Generally speaking, of the 50-50 arrangements, the one-day-on, one-day-off schedule was found to be the worst for the child, but other 50-50 arrangements were not found to be significantly better.
Judith Wallerstein wrote, Second Chances. She may have published something that is more recent. Mary Ann Mason has done a lot of work in this general realm. Other literature, and counseling for divorced(ing) parents/families also may be available from the Center for Families in Transition, in San Rafael.
I got full physical and legal custody of my child when he was almost three. I created the Marital Settlement Agreement with my son's best interests in mind, which was to allow his father to see him four times a week for a few hours at a time, and have one or two sleepovers a month after 3.5 years, if the household was 'safe and adequate.' Although my ex was very bitter over wanting joint custody and half time, the truth is he sees his son between four and six hours one weekend day. Sometimes, when his son wants to see him for a briefer visit on Sunday, that happens, too.
The point here is that sometimes people don't know what they want til it happens. And, by my son settling into the pattern of seeing his dad once a week, he knows when and what to expect. Believe me, I would love for them to see each other more, for a variety of reasons, but apparently this is what my ex can handle. I was the primary caregiver before, about 99% of the time, when my son wasn't in daycare.
Neither my son nor his dad have asked for an overnight. My son has never asked for dad upon waking in the night. I am in favor of a primary residence for kids this age, based on my experience. I read everything I can get my hands on, and since my son's birth, have completely realigned my priorities. My ex did not. So don't give in too easily to yours now. And if you have to cave in, he may still not avail himself of the full amount of custody time to which he is entitled.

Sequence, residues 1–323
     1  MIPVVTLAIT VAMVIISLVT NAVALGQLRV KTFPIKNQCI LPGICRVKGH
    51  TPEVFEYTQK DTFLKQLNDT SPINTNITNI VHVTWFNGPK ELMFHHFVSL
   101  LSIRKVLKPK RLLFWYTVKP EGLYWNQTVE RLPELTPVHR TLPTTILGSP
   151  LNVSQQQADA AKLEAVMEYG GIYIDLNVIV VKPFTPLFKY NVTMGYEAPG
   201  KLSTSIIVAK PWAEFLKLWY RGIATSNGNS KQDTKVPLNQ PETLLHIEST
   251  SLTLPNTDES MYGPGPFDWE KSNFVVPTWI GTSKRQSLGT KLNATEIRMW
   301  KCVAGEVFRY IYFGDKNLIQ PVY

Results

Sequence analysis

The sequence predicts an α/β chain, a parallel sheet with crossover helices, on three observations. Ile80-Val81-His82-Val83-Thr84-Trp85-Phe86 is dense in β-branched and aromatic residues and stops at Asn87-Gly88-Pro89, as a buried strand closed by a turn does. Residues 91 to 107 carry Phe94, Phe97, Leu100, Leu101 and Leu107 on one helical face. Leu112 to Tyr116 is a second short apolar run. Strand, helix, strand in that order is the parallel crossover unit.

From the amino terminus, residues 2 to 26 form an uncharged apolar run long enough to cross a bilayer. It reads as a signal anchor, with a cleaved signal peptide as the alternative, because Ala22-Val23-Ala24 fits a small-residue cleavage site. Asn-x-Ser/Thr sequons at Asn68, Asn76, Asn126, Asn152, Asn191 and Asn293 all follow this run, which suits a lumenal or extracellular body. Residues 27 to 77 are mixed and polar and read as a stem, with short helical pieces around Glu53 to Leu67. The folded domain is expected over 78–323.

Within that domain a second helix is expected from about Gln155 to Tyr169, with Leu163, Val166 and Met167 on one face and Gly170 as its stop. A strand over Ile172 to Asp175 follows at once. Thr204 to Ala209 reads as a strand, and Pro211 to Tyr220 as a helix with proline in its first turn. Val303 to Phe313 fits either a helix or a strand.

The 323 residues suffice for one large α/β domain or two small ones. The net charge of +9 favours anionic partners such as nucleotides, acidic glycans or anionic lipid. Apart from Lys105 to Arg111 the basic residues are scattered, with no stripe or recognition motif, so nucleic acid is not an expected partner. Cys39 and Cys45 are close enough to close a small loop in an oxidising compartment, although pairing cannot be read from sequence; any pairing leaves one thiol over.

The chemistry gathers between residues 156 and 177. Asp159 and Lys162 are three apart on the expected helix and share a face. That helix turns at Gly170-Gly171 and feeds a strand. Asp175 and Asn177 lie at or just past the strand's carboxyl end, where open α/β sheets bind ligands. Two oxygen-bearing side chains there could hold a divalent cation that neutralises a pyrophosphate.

I am considering leaving my marriage. I have a two-year old son which makes it so emotional and difficult for so many reasons. I am wondering who out there has been through this with such a young child and how you got through it (if you did...). My feeling is that my son is too young to be away from me (mama) for more than 2, 2 1/2 days. There are also substance issues with my husband (smoking weed) that concern me. I have not started any ''proceedings'' but I *have* started to worry as I think about the logisitics of it all. Thanks. Anon.
Hi, I separated from my children's father (we were never married) when my son was 2.5yr old. Our visitation schedule was that he stays mostly with me, but does one overnight during the week and one overnight on the weekend with Dad, plus one evening visit. This way, his primary home is with me (to provide stability), but he never goes more than 2 days without seeing his dad. Also, we made the transition very gradual, so that even after the father moved out, at first he visited every evening till my son went to sleep and then gradually we went to the visitation schedule. A book I found useful and very wise was ''What About the Kids? Raising your children before, during, and after divorce'' by Judith Wallerstein. The most wise advice I got from this book was that children's capacity to understand and their perception of the divorce changes as they go from 2 to 5 to 12 to 25yrs old, etc., so make opportunities to keep talking to them about it all through their lives (as it does affect them even through adulthood). For example, my son really had no clue what happened (esp. with our gradual transition) at 2.5, but now at 4 he understands much more. We talk about his feelings, desires, what happened (in an age-appropriate way) about this issue, in a way that's more substantial than when he was 2.5, whenever the opportunity comes up. Kim